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Pierson striving to promote diversity

Recent UCF grad strategizing to increase MiLB minority involvement
May 8, 2015

Minor League Baseball headquarters, located in St. Petersburg, Florida, employs more than three dozen individuals on a full-time basis. Vincent Pierson, in addition to being one of the newest employees within the organization's ranks, also has the newest job title: Manager of Diversity and Inclusion.

In this capacity, Pierson will be responsible for developing strategies and implementing programs to increase minority involvement throughout the industry -- from the front office to local business relationships to the fans in the stands. His February 2015 hiring marked the latest and arguably most significant aspect of Minor League Baseball's ongoing "Diversity Initiative," introduced by president Pat O'Conner in advance of the 2009 season.

I spoke with Pierson prior to April 15's Jackie Robinson Game, a Florida State League contest held annually at Historic Dodgertown in Vero Beach.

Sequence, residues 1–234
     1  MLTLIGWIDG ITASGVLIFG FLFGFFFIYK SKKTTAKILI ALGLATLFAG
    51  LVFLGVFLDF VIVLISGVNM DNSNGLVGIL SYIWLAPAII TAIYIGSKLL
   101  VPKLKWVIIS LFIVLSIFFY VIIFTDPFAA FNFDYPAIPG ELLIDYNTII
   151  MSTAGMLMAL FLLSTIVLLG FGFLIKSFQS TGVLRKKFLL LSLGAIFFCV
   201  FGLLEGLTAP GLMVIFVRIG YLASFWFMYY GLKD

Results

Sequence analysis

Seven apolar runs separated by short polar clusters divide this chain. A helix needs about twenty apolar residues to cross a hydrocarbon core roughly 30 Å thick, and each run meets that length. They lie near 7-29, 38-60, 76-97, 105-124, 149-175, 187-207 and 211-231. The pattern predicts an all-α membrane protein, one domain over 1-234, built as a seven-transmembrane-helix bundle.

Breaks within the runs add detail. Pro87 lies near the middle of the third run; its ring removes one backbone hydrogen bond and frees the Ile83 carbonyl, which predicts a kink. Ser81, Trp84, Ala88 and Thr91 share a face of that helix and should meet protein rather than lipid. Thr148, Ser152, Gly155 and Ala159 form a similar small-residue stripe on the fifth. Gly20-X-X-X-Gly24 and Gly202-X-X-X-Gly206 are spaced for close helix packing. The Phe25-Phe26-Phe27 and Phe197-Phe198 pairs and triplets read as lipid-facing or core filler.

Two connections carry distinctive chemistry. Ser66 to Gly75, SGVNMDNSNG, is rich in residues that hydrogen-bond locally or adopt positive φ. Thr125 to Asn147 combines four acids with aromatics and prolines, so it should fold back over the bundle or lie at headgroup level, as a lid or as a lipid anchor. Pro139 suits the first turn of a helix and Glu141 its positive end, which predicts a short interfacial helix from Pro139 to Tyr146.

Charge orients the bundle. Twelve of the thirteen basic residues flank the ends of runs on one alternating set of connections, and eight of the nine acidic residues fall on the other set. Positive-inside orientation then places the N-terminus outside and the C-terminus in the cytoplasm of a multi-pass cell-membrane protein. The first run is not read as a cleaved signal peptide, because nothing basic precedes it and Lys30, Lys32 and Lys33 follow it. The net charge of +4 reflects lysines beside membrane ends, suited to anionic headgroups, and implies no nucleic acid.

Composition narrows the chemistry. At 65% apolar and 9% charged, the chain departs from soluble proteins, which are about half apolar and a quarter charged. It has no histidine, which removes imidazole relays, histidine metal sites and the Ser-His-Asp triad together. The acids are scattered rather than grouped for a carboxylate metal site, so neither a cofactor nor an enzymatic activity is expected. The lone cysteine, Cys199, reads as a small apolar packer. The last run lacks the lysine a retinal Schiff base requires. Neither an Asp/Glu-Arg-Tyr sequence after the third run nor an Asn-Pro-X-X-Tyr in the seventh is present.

"What I'll be able to do in this position is continue [Jackie Robinson's] legacy," said Pierson. "Sometimes that may be opening a door on our end and sometimes that will be opening eyes on the other end, as far as the individuals we want to attract and be more involved with."

Pierson is a recent graduate of the University of Central Florida, where he obtained a pair of master's degrees within the DeVos Sport Business Management Program. The experience obtained within this program was crucial to his personal and professional development.

"Dr. Richard Lapchick is the chair [of the program]. I worked on several racial and gender report cards with him and gained, really, the most impactful experience," said Pierson. "I was exposed -- my mind was opened to so much because of the access I had to him and others. And it all centered around social justice -- from the issues of the '60 and '70s to apartheid in Africa to the different things that we are dealing with currently."